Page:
UK: Cooking the Books at Parmalat

Publisher Name: 
Financial Times

As Parmalat executives last December took a hammer to a
computer at headquarters and crudely attempted to
destroy evidence, one of the most damning files under
attack was "Account 999".

The file survived. A print-out of Account 999 and its
Euros 8,056,131,103.09 debit is now one of many
bizarre centrepieces for charges being prepared
against former Parmalat managers and Deloitte Italy,
the bankrupt dairy group's primary auditor.

The document also is key to reconstructing how Calisto
Tanzi, Parmalat's founder, hid years of mounting
losses until his edifice collapsed last December under
Euros 14.5bn (Dollars 17bn) of debt and no cash.

A report prepared for prosecutors by a special
consultant, obtained by the Financial Times, describes
Account 999 and dozens of other instances when
investigators believe Deloitte's Italian office, in
particular, failed to apply basic accounting
principles and verify "irregular" and "suspect"
accounting entries.

The report details how Deloitte Italy, which
co-ordinated the audit of Parmalat's worldwide
operations, repeatedly ignored and buried evidence of
accounting irregularities uncovered by sister offices
in Brazil, Argentina, Mexico, Portugal, the US and
Canada.

Other people familiar with the group describe similar
instances involving other countries.

Deloitte Italy and Parmalat's top executives also
appear to have successfully lobbied Deloitte's US
global headquarters to intervene in Brazil and remove
an auditor there who had raised too many embarrassing
questions, three people familiar with the incident
said.

The episodes, accounting industry experts say,
highlight the need for better internal controls at
some auditing firms and the ease with which large
clients can bully auditors hungry for fees.

Deloitte began auditing Parmalat in 2000, reviewing
consolidated accounts for 1999. As such, it arrived at
least 10 years after Parmalat executives began to cook
the books and create "one of the largest and most
brazen corporate financial frauds in history", as the
US Securities and Exchange Commission stated in a
recent lawsuit.

Account 999, however, was an Euros 8bn clue that
something was terribly wrong.

Gianfranco Bocchi, a former Parmalat accountant, told
investigators the account, essentially a computer
document, was shown to Deloitte Italy auditors. The
account, he said, was a "trash bin" for all the faked
revenues, assets and profits that Parmalat had
accumulated over the years. To cover up the fake
transactions, the entries were transformed into
intercompany loans and credits.

Companies regularly compile a document listing
intercompany transactions among subsidiaries. On a
consolidated basis, they cancel each other out - one
unit's debt is another's credit.

A company the size and complexity of Parmalat normally
could have an intercompany imbalance at year-end of
between Euros 200,000 to Euros 400,000 at most, due to
currency fluctuations or one or two unusual factors,
one accountant familiar with Parmalat said.

The first thing an auditor does to prepare
consolidated accounts is to balance out intercompany
transactions, and Deloitte "missed it by Euros 8bn",
he noted.

Deloitte declined to comment on details of the report.
The accounting firm reiterated earlier statements that
it believed "Deloitte Italy behaved properly and in
accordance with the national standards in force at the
time". It also said the "proper place for the full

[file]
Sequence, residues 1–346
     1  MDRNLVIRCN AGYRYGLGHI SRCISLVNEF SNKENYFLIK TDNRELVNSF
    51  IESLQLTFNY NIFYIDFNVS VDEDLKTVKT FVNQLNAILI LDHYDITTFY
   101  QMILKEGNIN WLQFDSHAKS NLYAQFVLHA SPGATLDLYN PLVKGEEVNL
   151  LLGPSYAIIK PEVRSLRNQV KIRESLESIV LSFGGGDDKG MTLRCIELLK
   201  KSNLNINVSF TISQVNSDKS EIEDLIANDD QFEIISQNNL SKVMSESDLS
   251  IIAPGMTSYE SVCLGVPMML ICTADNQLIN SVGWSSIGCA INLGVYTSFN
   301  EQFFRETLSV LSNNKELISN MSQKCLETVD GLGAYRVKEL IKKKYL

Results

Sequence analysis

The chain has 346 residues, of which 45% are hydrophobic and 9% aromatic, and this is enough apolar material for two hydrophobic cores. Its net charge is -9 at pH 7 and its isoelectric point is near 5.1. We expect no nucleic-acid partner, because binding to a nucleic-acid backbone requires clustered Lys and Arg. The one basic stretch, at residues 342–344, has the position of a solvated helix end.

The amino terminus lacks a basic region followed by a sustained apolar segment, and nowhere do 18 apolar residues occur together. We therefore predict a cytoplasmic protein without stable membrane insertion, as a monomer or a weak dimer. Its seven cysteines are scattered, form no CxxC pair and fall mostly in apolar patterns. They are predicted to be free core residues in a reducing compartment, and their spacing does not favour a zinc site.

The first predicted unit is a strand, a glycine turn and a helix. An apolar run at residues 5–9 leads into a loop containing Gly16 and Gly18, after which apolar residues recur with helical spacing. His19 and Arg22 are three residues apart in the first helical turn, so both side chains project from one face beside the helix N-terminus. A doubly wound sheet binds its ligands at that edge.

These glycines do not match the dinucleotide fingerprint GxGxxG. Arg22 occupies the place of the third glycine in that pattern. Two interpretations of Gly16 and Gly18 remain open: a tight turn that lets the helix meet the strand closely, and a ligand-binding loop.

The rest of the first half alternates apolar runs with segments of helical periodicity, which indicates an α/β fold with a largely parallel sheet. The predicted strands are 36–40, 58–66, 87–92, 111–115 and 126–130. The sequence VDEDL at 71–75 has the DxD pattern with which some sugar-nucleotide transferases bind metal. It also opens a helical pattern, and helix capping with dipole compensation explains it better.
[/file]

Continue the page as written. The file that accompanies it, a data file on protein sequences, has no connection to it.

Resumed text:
facts to emerge is in the courts and not in the
press".

Deloitte Italy essentially controlled the audit
reports for Parmalat's non-Italian units. Often when a
non-Italian auditor worried about a Parmalat
subsidiary's balance sheet, Deloitte Italy would get
Parmalat's top executives to write guarantees pledging
that the Italian parent company or one of its
financial subsidiaries could cover potential losses.

Parmalat executives themselves intervened in more
heavy-handed ways. In Argentina, when Deloitte
partners there raised doubts in 2000 about several
issues, Fausto Tonna, the group's former chief
financial officer, threatened to fire Deloitte
Argentina and called their requests "offensive and
ridiculous".

Mr Tanzi then wrote a letter to Parmalat Argentina
guaranteeing financing from the Italian parent should
it need it, and the issue disappeared. Deloitte
Argentina continued to work for Parmalat.

A partner at another accounting firm said: "If a chief
executive vouches for a credit, the auditor isn't
going to probe much more . .. But the executive very
rarely lies."

In Brazil, one of Deloitte's auditors raised numerous
concerns in 2001 and 2002 about the growing
intercompany credit that made up the assets of
Parmalat Participacoes do Brasil, the group's largest
foreign subsidiary.

By spring 2002, Wanderley Olivetti, the auditor, asked
for a "comfort letter", a mild form of guarantee, for
Dollars 554m in credits owed to PPdB by Bonlat, a
Cayman Islands financial subsidiary of Parmalat. It is
not clear whether a comfort letter was ever sent, but
PPdB's 2001 audit contains only a mild qualification
from Deloitte on some issues, as does that of 2002.

Mr Olivetti did not return phone calls.

Similar accounting discrepancies were uncovered by
local Deloitte offices in Mexico, Costa Rica,
Nicaragua, Venezuela, Ecuador, the US, Canada, and
Portugal, the prosecutors' report and other people
familiar with the case said. A former Parmalat
employee described the acquisition of one Central
American company by Parmalat for Dollars 25m: "The
seller got Dollars 5m. The rest went to politicians,
middlemen, Parmalat executives. But you had to account
for it as Dollars 25m even though it was worth Dollars
5m."

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AMP Section Name:Money & Politics